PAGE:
February 12, 1945: De La Salle College on Taft Avenue: 41 civilians comprised of former students, residents and 16 Christian Brothers. Alfonso Aluit wrote: “Shortly after lunch, a band of Japanese inspected De La Salle College for they suspected that the premise was a sniper’s nest. When they found nothing that interest then, they grabbed Mateo, Anselmo Sudlan and Panfilo Almodan outside of the building. Shortly after, they returned inside and pushed the two refugees into the hall. They were seriously wounded. Afterwards, a large band of 20 Japanese stormed through the gate. The Japanese commander yelled and a rifle shot reverberated across the hall. Victoria Cojuangco dashed from the cellar upon hearing his son’s warning. He was toting his adopted son, Ricardo, but they were still met with bayonets outside the cellar door. Mrs. Cojuangco was mortally stricken but survived. Her son Ricardo died.” [Source: Alfonso Aluit, from the book By Sword and Fire: The Destruction of Manila in World War II ]

“In another room, Servillano Aquino and his wife were visiting Antonio Cojuangco Jr. who was recovering from illness. Dr. Antonio Cojuangco was also in the room. When they heard the screaming and gunshots outside the room, they locked themselves in. Shortly after, the Japanese were banging the door and they didn’t have a choice but to open it. The Japanese started with stabbing the nurse, Filomeno Inolin. Dr. Cojuangco dashed to the chapel but a Japanese sprang after him. Aquino lunged at one Japanese to get hold of his rifle. But the Japanese was quicker, and he was stabbed many times with a bayonet until he passed out.”

Manila Casualties in Mid February 1945

February 14, 1945: Ateneo College, composed of Manila Observatory, Auditorium, Gymnasium, Laboratories, Industrial Engineering, and Library on Calle Padre Faura (now Padre Faura Street): 100 refugees, composed of men, women, and children. Antonio Perez de Olaguer wrote: “Incendiary bombs were launched by the Japanese to set fire to the tower of the school. The fire in the building created panic to the refugees, which resulted to at least 100 deaths of men and women. The children were crushed by the stampeding crowd. In addition to the fire, the Japanese were also hurling bombs into the building.” [Source: Antonio Perez de Olaguer, El Terror Amarillo en Filipinas]

February 18, 1945: Moreta House on Isaac Peral Street (now U.N. Avenue): around 40 civilians. According to the Report of the XIV Corp Inspector General’s Office: “Japanese soldiers separated the men and women. The women were raped and those who resisted were either bayoneted or shot. The Japanese soldiers threw grenades to the men, killing them and burning the Moreta residence.” [Source: Report of the XIV Corp Inspector General’s Office]

February 19, 1945: Palacio del Gobernador at Palacio Real: 142 civilians, comprised of Filipino and Spanish residents. Alfonso Aluit wrote: “The Japanese constructed two spacious caves, fortified with concrete and massive wooden posts. At least 125 persons were herded to the caves, including Spanish civilians. At least 17 hostages were led to the second cave. A Japanese soldier handed one of them, Laurentino de Pablos, a jute sack tightly sewn up from which wires ran out. De Pablos and Emilio Canceller, another hostage, cut the wires when the Japanese soldier demanded it back. Furious, the Japanese started hurling grenades through the caves’ ventilation holes. From the outside, the Japanese sealed the opening, thus, suffocating those who survived the grenades.” [Source: Alfonso Aluit, from the book By Sword and Fire: The Destruction of Manila in World War II]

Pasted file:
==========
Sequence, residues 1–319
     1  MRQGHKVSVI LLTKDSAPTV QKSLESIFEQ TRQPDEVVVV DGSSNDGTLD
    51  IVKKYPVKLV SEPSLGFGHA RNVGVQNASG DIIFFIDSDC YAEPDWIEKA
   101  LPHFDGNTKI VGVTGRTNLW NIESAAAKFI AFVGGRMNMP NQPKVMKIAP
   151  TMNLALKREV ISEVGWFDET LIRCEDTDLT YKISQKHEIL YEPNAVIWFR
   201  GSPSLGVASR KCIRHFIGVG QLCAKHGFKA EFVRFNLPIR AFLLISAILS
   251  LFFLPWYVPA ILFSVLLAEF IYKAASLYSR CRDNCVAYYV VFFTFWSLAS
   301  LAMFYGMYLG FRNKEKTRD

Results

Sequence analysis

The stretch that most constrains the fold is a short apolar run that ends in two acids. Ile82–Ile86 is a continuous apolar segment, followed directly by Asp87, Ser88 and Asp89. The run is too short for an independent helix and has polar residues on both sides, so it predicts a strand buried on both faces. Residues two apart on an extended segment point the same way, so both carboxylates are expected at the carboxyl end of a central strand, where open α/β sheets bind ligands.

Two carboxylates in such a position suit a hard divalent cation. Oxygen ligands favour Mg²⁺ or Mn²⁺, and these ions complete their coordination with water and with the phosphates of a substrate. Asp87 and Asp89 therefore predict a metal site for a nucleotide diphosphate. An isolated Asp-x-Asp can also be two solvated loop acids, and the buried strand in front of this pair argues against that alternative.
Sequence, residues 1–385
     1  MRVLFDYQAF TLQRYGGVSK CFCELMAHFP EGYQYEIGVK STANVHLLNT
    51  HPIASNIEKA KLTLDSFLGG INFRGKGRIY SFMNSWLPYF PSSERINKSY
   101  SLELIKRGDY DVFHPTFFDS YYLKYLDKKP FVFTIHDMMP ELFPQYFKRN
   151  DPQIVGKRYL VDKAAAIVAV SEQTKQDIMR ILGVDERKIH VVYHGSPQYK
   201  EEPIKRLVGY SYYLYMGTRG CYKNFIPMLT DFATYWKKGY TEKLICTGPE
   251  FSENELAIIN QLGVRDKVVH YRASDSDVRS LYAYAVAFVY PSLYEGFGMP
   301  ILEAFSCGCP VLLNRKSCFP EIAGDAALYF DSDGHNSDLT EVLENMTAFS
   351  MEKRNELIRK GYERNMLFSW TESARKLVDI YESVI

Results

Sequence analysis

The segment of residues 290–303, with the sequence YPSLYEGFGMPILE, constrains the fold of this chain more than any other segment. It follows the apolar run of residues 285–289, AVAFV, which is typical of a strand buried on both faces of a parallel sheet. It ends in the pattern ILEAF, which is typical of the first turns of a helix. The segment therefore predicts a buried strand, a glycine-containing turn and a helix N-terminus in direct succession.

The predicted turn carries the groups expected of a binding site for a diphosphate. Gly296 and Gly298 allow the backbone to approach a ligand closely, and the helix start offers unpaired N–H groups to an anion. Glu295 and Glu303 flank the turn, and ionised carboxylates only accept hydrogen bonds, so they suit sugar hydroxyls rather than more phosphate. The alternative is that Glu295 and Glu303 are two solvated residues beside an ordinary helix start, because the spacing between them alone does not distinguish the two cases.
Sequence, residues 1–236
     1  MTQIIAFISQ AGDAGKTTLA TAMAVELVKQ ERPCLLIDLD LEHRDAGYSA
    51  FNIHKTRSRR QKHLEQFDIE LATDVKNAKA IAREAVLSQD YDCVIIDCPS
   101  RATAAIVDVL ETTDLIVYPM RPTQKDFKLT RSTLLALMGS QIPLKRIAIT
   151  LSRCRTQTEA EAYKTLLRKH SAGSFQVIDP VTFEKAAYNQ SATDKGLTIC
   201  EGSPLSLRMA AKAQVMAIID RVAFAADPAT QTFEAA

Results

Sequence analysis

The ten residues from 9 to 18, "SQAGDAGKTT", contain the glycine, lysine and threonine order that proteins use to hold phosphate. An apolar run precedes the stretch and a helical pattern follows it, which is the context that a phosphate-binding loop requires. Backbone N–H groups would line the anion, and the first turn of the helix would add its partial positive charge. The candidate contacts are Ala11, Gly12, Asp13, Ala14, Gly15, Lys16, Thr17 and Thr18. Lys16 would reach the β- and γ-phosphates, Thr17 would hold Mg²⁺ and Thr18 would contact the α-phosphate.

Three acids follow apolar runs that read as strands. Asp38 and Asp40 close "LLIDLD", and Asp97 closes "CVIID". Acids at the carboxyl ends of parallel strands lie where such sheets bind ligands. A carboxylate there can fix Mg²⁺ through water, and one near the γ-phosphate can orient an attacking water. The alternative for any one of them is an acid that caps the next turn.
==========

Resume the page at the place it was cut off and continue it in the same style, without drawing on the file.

February 19, 1945: Front of Manila Cathedral, Intramuros: Around 125 civilians, including about 37 priests. Military historian Jose Custodio wrote: “As they reached the front of the cathedral, they were forced inside a large structure constructed of stout timbers. The Japanese then lobbed hand grenades in through the air holes. “ [Source: Jose Custodio, military historian]

February 21, 1945: ROTC Armory at University of Manila: Patients from San Juan de Dios Hospital and Quezon Institute. Aluit wrote: “This evening, another band of Japanese came upon the tuberculosis patients. By the light of a torch one of them held high, the Japanese bayoneted the survivors one-by-one.” [Source: Alfonso Aluit, “By Sword and Fire: The Destruction of Manila in World War II”]

Image Sources: National Archives of the United States; Wikimedia Commons; Gensuikan;

Text Sources: National Geographic, Smithsonian magazine, New York Times, Washington Post, Los Angeles Times, Times of London, The Guardian, Yomiuri Shimbun, The New Yorker, Lonely Planet Guides, Time, Newsweek, Reuters, AP, AFP, Wikipedia, BBC, “Eyewitness to History “, edited by John Carey ( Avon Books, 1987), Compton’s Encyclopedia, “History of Warfare “ by John Keegan, Vintage Books, Eyewitness to, “The Good War An Oral History of World War II” by Studs Terkel, Hamish Hamilton, 1985, BBC’s People’s War website and various books and other publications.

Last updated November 2016